Haya resisted it with a counter-claim seeking a forced marriage protection order in respect of their daughter, alleging that the sheikh was trying to marry her off to the crown prince of Saudi Arabia, Mohammed bin Salman bin Abdulaziz Al Saud. ‘MBS’, as he is better known, has been accused of involvement in the murder of the dissident journalist Jamal Khashoggi. The court did not find this allegation to be true.

The judgment raises questions about whether the Foreign Office blocked the police investigation into the disappearance of Shamsa, after she had fled to Cambridge from Surrey in 2000. McFarlane said he was unable to make a determination because the Foreign Office refused to cooperate on freedom of information grounds.

Following the ruling, Labour’s shadow attorney general, Shami Chakrabarti, said: “This is clearly a shocking judgment. Both Priti Patel [the home secretary] and Dominic Raab [the foreign secretary] must urgently investigate why a criminal inquiry into a kidnap in Cambridge appears to have been impeded.”

David Haigh, the British lawyer for Princess Latifa, told the Guardian that he was sending the judgment to the United Nations’ working group on enforced or involuntary disappearances, which is already investigating Latifa’s disappearance.

“We are delighted with the judgment,” he said. “It’s vindication for everything we have been saying, vindication for Shamsa, Latifa and Haya.”

Haigh said that he and Tiina Jauhiainen, Latifa’s close friend, had been interviewed at the end of last year by Cambridge police, who are still investigating Shamsa’s abduction. He added: “It is now clear to see why Sheikh Mohammed did not want these judgments to be made available to the world. They show him as someone unfit to be in charge of children, let alone a state that is an ally of the UK.”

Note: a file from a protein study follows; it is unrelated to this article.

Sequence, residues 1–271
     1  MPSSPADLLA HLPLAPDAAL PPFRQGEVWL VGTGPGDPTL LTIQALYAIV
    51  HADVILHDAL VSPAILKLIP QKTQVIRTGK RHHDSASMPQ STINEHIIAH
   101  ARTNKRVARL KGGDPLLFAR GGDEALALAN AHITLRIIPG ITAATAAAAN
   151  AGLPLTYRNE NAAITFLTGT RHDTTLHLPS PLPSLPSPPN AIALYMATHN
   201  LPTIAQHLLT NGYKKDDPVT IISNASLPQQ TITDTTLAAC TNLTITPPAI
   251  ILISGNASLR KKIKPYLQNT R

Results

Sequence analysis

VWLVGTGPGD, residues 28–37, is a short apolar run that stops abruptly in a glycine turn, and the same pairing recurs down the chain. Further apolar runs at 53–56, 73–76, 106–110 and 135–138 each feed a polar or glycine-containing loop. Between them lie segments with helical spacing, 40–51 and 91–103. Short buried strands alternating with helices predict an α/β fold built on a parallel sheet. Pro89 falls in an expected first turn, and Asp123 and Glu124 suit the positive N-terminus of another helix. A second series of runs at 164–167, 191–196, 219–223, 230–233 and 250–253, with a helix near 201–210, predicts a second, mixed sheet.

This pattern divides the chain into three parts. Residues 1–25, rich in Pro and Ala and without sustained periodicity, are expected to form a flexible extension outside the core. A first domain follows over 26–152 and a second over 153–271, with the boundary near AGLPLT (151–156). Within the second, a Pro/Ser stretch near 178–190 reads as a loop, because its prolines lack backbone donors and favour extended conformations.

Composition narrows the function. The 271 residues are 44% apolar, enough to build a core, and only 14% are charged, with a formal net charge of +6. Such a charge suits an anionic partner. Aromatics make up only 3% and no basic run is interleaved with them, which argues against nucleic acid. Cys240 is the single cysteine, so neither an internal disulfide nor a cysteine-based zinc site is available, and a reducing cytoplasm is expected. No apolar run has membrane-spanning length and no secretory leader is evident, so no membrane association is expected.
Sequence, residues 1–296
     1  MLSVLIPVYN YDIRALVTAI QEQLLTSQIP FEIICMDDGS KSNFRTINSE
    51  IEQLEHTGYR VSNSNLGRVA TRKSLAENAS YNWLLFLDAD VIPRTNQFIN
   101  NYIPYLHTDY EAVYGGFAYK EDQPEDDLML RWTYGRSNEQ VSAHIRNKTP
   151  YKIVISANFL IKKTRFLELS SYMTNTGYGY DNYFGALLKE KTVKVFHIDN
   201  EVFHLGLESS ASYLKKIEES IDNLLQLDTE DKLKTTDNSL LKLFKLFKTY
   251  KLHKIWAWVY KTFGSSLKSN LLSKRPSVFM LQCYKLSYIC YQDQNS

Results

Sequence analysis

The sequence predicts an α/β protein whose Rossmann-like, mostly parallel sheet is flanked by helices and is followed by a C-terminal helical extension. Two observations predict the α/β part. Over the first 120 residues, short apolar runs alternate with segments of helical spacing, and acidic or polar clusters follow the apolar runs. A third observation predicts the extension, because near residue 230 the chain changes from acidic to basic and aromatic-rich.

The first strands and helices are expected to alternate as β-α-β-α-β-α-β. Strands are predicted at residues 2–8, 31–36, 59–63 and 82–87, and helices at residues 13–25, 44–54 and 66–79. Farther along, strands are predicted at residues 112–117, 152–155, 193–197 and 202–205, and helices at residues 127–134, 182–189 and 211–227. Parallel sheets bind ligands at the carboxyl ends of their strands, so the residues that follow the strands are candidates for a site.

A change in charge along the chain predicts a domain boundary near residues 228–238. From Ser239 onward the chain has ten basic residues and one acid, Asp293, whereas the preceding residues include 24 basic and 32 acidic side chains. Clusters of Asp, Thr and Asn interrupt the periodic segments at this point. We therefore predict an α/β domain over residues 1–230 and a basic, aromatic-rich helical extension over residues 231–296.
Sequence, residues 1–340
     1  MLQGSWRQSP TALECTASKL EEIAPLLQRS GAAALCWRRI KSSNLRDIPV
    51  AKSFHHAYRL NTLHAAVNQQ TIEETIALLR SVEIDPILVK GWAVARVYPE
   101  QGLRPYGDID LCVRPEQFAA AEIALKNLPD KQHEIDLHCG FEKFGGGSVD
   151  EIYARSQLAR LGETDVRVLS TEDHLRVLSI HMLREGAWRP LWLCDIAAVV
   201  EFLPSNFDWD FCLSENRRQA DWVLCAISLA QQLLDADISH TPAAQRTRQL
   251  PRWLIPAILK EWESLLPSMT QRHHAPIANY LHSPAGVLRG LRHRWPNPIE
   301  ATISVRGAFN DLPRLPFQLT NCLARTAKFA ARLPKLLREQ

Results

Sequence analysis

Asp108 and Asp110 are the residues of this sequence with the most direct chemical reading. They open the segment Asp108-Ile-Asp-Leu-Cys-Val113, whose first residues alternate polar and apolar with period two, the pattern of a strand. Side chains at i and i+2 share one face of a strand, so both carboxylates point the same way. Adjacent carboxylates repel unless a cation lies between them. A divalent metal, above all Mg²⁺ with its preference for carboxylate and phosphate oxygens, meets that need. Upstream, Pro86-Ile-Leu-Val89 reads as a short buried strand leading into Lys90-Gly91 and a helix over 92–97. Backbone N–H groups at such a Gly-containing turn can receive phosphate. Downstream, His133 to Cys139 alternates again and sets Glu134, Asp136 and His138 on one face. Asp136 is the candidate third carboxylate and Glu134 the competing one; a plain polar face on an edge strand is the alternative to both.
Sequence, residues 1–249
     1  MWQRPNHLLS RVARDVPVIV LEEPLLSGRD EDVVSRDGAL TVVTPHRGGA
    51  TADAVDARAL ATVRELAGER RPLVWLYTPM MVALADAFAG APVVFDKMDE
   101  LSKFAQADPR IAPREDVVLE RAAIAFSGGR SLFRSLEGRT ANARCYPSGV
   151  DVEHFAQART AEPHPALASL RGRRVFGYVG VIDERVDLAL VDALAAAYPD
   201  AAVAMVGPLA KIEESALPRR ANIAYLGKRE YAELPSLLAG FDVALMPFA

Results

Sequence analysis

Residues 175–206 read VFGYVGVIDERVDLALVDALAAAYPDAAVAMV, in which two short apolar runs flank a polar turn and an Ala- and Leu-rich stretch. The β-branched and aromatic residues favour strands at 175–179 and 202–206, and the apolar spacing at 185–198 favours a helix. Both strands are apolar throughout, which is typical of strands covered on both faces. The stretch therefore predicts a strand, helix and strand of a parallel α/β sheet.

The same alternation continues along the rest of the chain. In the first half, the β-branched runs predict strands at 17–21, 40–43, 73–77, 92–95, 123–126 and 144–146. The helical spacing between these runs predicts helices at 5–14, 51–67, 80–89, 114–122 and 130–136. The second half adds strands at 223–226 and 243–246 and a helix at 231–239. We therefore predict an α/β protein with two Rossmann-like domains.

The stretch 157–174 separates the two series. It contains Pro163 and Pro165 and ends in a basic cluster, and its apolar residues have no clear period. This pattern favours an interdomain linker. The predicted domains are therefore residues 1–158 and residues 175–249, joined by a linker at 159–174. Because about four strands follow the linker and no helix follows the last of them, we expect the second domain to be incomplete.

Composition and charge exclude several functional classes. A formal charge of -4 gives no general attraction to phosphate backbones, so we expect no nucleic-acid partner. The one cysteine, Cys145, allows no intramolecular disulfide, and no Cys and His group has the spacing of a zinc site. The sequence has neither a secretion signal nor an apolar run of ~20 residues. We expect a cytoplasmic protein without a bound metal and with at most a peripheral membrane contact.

Sheikh Mohammed’s behaviour was first highlighted by a Guardian article in 2001, the judgment noted, adding that Haya read the story about Shamsa’s disappearance in 2016 but initially did not believe her husband was implicated.

Sheikh Mohammed is also the vice-president and prime minister of the United Arab Emirates. He has fathered 25 children; his two with Haya are the youngest.

He refused to attend any of the multiple hearings at the Royal Courts of Justice in central London. His wife, Haya, was a constant presence in court, sitting alongside her solicitor, the prominent divorce lawyer Lady Shackleton.

The judgment goes into detail about the campaign of harassment endured by Haya. The judge accepted virtually all her allegations as true on the balance of probabilities, including that the sheikh:

-Attempted to have her abducted by helicopter.
-Arranged for guns to be left in her bedroom.
-Taunted her over her adulterous relationship with a bodyguard.
-Divorced her without telling her.
-Threatened to seize their children.
-Published threatening poems about her online.

McFarlane finds that their relationship had deteriorated and that sometime in 2017 or 2018 she “embarked upon an adulterous relationship with one of her male bodyguards”.

In early 2019, Haya began to show interest in the fate of her husband’s daughters, Shamsa and Latifa. According to the judgment, the sheikh began to make threats against her and in February, divorced her under sharia law without informing her.

On 11 March that year, the judgment records, a helicopter landed near her compound in Dubai and the pilot told her he was going to take her to Awir, “a prison in the desert”.


Haya said that if her son had not been there and clung on to her leg, she would have been taken away. The judgment added: “Flight documents with respect to the helicopter have been disclosed and show that one of the crew was one of the three people named by Shamsa and [an employee of the sheikh] as being involved in Shamsa’s removal from England in 2000.”